Federal anti-discrimination advocate
Claudia Gordon is Special Assistant to the Director
of the Office of Federal Contract Compliance Programs (OFCCP) in the Department
of Labor. Her responsibility: to ensure that contractors doing business with
the Federal government don't discriminate on the basis of color, gender, religion
or nonbelief, age, race, ethnic background, national origin, disability, or
veteran’s status, and so forth.
She personally experienced the worst sort of discrimination
during her early years, but also had a strong foundation of love and support
that enabled her to withstand it. She was born in rural Jamaica.
Her mother, who had only an eighth-grade education, worked as a domestic servant
and laundress to support her three children. She immigrated to the South Bronx
so she could earn a better living, and planned to reunite with the children
as soon as she could. They were left in the capable care of her eldest
sister, Mildred Taylor, a schoolteacher.
When Claudia was 8, she suddenly developed severe
pain in her middle ears—possibly otitis media. Mildred took her to
a small clinic; there were no hospitals nearby, and, in the clinic, no doctor
on duty. The nurse on duty couldn't figure out what was wrong, only that Claudia
was going deaf. Otitis media is treated with antibiotics for the infection
and analgesics for the pain. She didn't receive any treatment.
As she later told a reporter, “My life changed overnight.”
Although she had been “the brightest and most outgoing kid in my class,” she
was pulled out of school, lost her friends, stayed home, and became an object
of ridicule.“I thought I was the only deaf person in the world.” In Jamaica,
deaf and disabled persons are stigmatized. Gordon recalls that a deaf woman
who lived in the area was called “dummy,” and that the children threw stones
at her. Later, she recognized that “the life of this woman . . . almost
became my own but for my mother’s triumph in successfully bringing me to America
by the time I was 11 years old.”
Freer a frustrating start in public school, she
was transferred to Lexington School for the Deaf, learned sign language, participated
in sports, and became a top student—valedictorian of her junior-high and senior-high
classes. By the time she reached her junior year in high school, she knew that
she wanted to become a lawyer. She was strong enough to shrug off those who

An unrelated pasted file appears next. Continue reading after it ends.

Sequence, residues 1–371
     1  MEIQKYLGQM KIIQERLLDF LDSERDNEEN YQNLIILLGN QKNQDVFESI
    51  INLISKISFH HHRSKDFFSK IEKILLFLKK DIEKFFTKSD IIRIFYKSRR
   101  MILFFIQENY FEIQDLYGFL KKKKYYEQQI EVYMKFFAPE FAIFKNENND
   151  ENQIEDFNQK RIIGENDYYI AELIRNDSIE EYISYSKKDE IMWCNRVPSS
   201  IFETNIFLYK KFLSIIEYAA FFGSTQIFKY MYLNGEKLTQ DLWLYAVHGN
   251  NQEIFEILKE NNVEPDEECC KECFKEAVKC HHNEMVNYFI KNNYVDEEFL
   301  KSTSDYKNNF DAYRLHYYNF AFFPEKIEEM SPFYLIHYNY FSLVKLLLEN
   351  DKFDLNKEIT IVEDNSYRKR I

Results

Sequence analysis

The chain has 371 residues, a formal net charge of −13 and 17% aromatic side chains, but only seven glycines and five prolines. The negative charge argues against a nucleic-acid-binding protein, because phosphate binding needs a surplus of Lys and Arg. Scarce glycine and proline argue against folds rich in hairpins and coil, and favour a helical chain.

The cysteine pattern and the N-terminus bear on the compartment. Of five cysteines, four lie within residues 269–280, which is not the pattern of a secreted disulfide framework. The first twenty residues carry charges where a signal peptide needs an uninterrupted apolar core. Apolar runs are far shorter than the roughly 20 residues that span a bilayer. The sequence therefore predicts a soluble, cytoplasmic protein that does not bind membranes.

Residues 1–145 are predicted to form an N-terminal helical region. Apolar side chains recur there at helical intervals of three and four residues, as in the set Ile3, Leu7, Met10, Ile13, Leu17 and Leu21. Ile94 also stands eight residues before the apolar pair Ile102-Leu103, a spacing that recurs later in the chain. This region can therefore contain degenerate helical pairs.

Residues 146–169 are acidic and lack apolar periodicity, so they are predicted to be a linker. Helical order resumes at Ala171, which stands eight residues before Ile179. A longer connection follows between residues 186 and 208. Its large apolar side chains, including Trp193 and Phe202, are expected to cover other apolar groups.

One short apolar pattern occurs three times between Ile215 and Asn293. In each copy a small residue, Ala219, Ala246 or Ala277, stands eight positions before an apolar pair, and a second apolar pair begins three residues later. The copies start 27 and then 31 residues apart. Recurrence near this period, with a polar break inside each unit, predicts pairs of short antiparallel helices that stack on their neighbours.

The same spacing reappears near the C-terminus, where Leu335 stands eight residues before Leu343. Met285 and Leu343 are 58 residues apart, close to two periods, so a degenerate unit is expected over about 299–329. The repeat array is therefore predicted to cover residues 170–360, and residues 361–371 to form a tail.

doubted that she could do it, or considered it an impossible goal.
She earned a degree in Political Science at Howard
University, and studied disability-rights law and policy at American University’s
College of Law. When she graduated in 2000, she became the first known deaf
African-American woman to earn a Juris Doctor (law degree).
She then won a Skadden Fellowship (which has been
described as the “legal Peace Corps”) for 2000-2002, and worked as a staff
attorney at the NAD Law and Advocacy Center and a consulting attorney with
the National Council on Disability. Working with impoverished and minority
deaf people, she became intrigued by the prospect of working in a Federal office.
Passing legislation to safeguard the rights of disabled persons was one thing.
Implementing these laws was a different challenge entirely. She wanted to have
direct involvement in the enforcement of the Rehabilitation Act of 1973 and
the American with Disabilities Act of 1990, combating “the blatant discrimination
that people with disabilities continue to face.”
Gordon has been actively involved with the National
Black Deaf Advocates. She was Miss Black Deaf America in 1990, and NBDA Vice
President from 2002 to 2005.
She participated in the Ralph Lauren
Polo Jeans G.I.V.E. (“Get Involved, Volunteer, Exceed”) ad campaign promoting
volunteerism, launched in 2003. She was featured on posters in malls
across the country, including one opposite Macy’s on 34th Street in Manhattan,
making an ILY sign, beaming, confident, and beautiful. The NBDA was a beneficiary
of this campaign.
In 2004, she became Senior Policy Advisor for the Department
of Homeland Security, Office for Civil Rights and Civil Liberties. She assisted
in the implementation of the Individuals with Disabilities in Emergency Preparedness,
monitoring how Federal agencies worked together to ensure that deaf and disabled
persons were included in emergency-preparedness plans.
The Obama Administration appointed her to her current
post at the OFCCP. Even though “it’s not as well known as its sister agencies
like the Equal Employment Opportunity Commission and the Civil Rights Division
of the Department of Justice, OFCCP has powerful investigative and regulatory
authorities for protecting workers, promoting diversity, and enforcing the
law.” She enjoys the challenges of working with OFCCP Director Patricia Shiu,
her colleagues, and a nationwide staff of “nearly 750 dedicated public servants.”
She doesn't have much of a personal life, but does credit the love and support
she’s received from her family.
“I am motivated by knowing that although progress is
being made towards inclusion and access, there is still a great deal more work
to be done.”
Most quotes are taken from Maude Baggetto’s interview